Not arriving in time to see support act Lemon Drink was a disappointment, and it also meant it was likely to be a short evening down the Nice ‘n’ Sleazy basement.
Of course, quantity isn’t a concern when the quality is present, and even with just a handful of live performances, Poster Paints showed they have more than enough talent to make people pay attention.
From Carla (J Easton’s) social media feed, her Teen Canteen bandmates were all in attendance, a brilliant feature of gigs these days. Catching up with old friends and seeing familiar faces is a bonus which elevates any night. You wouldn’t go as far to say it was a pleasure to revisit the Sleazy’s toilets, but everything else which facilitated a touch with the past was pleasing.
Teen Canteen were great, and they’re still enjoyable to listen to. ‘Honey’ and ‘You’re Still Mine’ are still mesmerising slices of pop fun, but with Poster Paints, Carla has moved on. The 60s girl group sheen is still present, but there are other edges. An 80s polish here, a post-rock vibe there, and you have an act that should be on people’s radars. It’s always good to move forward, though, and there is a positive future for Poster Paints.
Previously released singles ‘Number 1’ and ‘Never Saw It Coming’ featured, both bigger and louder live than on your streaming device.
The presence of Simon Liddell (Frightened Rabbits and Olympic Swimmers) is a massive factor in the songs. As you’d expect, there’s a harder edge than what we’ve seen from Carla before, opening a new path for both artists. As they say themselves, ‘the new normal’ presented fresh ways to make art, and it’s great to see something new work so well.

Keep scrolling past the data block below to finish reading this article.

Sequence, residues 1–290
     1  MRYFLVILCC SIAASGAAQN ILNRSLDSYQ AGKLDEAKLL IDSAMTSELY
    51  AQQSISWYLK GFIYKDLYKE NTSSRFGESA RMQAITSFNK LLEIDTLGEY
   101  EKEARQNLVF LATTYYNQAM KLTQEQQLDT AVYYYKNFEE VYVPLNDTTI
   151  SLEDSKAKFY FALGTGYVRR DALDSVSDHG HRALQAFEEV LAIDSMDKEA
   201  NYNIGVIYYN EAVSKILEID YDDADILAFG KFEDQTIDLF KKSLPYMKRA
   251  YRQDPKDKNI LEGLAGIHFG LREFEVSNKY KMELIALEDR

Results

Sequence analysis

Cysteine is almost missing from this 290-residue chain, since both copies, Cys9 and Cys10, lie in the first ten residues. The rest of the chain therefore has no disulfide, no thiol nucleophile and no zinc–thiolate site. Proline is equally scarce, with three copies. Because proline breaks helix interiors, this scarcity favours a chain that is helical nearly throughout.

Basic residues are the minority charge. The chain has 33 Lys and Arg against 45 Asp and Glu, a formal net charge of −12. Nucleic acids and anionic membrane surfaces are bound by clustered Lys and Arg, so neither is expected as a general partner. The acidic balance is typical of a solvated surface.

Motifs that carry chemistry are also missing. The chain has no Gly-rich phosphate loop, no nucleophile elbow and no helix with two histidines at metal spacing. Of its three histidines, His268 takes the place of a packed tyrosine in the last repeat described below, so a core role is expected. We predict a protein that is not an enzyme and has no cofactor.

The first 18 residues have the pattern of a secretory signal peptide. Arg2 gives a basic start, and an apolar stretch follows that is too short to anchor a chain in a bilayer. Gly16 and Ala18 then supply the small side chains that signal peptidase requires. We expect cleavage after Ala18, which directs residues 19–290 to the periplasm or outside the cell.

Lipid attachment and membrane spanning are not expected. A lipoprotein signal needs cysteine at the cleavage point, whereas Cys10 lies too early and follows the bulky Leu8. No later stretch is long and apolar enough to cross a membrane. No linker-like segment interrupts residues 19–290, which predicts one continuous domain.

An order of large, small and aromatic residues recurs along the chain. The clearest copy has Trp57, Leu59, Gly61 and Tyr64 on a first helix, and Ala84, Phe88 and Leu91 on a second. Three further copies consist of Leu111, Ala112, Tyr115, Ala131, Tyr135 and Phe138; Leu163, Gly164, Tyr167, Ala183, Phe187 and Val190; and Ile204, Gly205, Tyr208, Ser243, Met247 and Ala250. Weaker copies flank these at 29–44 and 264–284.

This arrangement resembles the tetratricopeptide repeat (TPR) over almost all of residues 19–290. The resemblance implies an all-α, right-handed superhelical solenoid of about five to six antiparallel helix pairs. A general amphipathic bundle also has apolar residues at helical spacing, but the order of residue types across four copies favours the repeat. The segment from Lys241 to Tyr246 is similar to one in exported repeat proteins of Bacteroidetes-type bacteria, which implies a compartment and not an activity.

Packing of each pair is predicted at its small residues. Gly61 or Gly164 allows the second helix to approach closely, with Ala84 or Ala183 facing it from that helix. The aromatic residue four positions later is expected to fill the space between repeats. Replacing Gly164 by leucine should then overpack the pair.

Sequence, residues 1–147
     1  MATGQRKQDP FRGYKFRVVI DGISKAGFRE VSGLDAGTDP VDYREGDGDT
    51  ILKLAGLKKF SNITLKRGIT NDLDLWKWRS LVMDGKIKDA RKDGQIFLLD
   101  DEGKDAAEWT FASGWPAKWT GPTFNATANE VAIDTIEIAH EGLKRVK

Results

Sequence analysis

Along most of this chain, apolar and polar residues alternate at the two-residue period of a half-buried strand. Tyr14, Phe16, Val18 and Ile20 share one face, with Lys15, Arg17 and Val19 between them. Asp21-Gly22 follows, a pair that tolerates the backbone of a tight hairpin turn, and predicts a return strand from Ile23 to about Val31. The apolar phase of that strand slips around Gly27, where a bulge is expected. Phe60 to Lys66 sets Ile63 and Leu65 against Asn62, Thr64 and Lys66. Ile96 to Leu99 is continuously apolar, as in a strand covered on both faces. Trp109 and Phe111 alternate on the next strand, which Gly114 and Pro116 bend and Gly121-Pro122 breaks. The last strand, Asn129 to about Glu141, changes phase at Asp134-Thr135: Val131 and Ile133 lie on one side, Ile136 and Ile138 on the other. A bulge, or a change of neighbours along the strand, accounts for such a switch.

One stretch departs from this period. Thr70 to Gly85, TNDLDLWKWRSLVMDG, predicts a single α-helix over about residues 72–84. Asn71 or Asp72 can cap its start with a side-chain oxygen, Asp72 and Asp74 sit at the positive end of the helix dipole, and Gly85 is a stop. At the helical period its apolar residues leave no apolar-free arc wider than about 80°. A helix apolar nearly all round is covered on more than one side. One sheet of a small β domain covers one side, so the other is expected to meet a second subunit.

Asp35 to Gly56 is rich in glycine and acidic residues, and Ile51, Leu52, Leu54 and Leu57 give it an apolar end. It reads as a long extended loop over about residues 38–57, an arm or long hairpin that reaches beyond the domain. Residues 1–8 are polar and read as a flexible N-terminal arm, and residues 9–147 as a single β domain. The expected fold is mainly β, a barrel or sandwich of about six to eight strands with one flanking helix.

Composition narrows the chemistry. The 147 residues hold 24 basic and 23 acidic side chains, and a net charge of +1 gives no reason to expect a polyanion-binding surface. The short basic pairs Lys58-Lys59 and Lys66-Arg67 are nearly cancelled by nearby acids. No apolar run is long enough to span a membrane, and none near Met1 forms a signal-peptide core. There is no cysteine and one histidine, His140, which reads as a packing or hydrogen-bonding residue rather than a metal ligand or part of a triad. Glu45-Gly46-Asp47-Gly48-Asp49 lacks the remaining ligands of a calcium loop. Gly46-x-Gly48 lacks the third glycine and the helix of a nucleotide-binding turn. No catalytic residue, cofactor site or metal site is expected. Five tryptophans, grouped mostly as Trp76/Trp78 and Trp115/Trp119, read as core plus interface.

This is also true for the live band, featuring Kim Grant, AKA Raveloe, Suse Bear on bass and Calum Muir on drums. As the songs switch from style to style, pace and tempo shifted throughout; there was never a moment where the backing was anything less than pristine. Also, it appears as though Carla absolutely batters tambourines, which is handy to know.
There was also a special guest, Man of The Minch, Pedro Cameron. There was an awful lot packed in for a short set, meaning there was something for everyone.
There’s still swooning pop for long-time followers and even silly love songs. Of course, what’s wrong with that? I’d like to know… but a Poster Paints show offers much more. It was great to be back in Sleazy’s, but this band will likely be upgrading venues soon.
The set closed with a charming cover of The Lemonheads ‘Into Your Arms’. The second last song of the night would have been a far more epic way to end, ushering the audience away with pushed out chests and pumped-up dreams. As it was, we floated lightly away, back to the grey and neon mixture of modern-day Sauchiehall Street.
By the time you read this, there’s a good chance there will be big news and new tunes to hear from Poster Paints. Let’s hope this momentum pushes the band on and that there’s much more to see and hear this summer.